How Can We Prevent Ransomware Attacks?
Like any security threat, there is no 100%-effective silver bullet to protect against ransomware attacks. However, there are several steps you can take to significantly lower your risk and increase your ability to respond if attacked. Because every library faces different technology, policy, and personnel constraints, some of these options won't be suitable for your particular situation.
- Basic data and Internet security precautions can help prevent attacks, especially spearfishing or automated attacks. Intensive email and network scanning, educating users about clicking links and opening attachments, and other traditional practices can significantly reduce your risk. Keep your servers and client computers up to date and fully-patched.
- Outsource the risk to a cloud provider when possible: attackers can't take over your Exchange server if you've outsourced email hosting to Google or Microsoft. This is obviously more of a "big picture" consideration when weighing cloud vs. local deployment decisions, and cloud infrastructures have their own set of challenges, of course.
- Offline backups are critical: since so much data has been moved from the data center to the cloud, many organizations have offline backup strategies that are lacking, if they have any at all. But electronic attacks are the number one reason to implement offline backups, so that you are not just distributing your backups across a live network where they can be targeted by ransomware.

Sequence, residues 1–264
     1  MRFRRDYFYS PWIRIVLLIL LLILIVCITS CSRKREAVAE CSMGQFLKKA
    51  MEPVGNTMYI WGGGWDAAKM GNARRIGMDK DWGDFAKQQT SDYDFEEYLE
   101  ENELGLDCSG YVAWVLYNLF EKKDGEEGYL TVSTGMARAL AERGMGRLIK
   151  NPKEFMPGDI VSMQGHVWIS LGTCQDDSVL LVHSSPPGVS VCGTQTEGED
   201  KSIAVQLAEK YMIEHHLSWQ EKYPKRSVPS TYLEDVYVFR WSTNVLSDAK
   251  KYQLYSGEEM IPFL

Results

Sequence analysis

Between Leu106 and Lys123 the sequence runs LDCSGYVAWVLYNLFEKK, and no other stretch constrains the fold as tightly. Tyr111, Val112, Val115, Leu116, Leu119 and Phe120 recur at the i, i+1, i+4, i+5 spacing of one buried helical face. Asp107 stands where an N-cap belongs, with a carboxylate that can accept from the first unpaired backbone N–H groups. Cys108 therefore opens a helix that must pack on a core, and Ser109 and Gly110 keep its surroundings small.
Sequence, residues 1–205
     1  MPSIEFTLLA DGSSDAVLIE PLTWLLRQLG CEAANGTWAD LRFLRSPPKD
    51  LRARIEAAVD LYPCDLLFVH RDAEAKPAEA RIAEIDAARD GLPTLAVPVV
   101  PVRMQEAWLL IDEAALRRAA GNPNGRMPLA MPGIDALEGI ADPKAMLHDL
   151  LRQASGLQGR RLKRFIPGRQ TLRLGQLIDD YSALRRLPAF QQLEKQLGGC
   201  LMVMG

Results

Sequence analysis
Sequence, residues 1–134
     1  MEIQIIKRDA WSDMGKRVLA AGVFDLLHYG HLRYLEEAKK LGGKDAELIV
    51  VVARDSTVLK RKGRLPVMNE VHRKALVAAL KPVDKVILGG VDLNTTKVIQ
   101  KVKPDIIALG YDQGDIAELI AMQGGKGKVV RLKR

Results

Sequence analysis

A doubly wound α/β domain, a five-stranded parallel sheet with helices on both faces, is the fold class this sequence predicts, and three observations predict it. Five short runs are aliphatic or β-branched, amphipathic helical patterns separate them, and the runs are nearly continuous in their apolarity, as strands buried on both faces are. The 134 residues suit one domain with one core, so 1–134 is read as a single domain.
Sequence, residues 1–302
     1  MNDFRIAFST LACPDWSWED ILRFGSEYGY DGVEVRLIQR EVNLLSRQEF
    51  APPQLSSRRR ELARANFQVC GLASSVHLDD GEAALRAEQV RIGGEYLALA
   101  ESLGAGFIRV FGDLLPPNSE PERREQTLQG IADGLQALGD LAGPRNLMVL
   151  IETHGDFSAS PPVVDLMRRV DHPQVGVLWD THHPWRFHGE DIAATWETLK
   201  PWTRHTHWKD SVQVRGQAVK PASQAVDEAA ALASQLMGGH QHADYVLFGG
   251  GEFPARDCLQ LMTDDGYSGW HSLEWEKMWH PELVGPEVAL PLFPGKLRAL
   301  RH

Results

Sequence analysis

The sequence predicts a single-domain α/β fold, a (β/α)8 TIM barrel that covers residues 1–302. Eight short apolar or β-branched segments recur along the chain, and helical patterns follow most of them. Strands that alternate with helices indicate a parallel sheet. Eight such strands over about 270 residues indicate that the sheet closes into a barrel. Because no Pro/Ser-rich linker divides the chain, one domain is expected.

- Backups are just one part of a full disaster recovery and operational continuity plan -- the data doesn't help without a plan to restore services and operations quickly.
Responding to Ransomware Attacks
If you've been attacked, the first step is obviously to call law enforcement. In the United States, libraries will want to contact their local law enforcement agency and the FBI, which investigates computer crime and extortion.
Do you pay up? The FBI says no: paying blackmailers is no guarantee your data will be restored, and it encourages further extortion and cybercrime efforts. Those are big-picture concerns, though, and many officials have decided to pay the ransom and regain access to their systems. That may change, however: the United States Council of Mayors resolved last month that none of their governments will pay cyber ransoms from now on.
Even if you pay the ransom and the data is restored, a lot of work will remain. There is no guarantee that the data wasn't tampered, replicated, shared, etc. Whatever vulnerability allowed the original infection, whether human error or a software vulnerability, will still need to be fixed. The extra work and time required by staff, the loss of service during the incident, and other headaches should push the importance of prevention and mitigation up your priority list.
Read more: PLO article about ransomware in libraries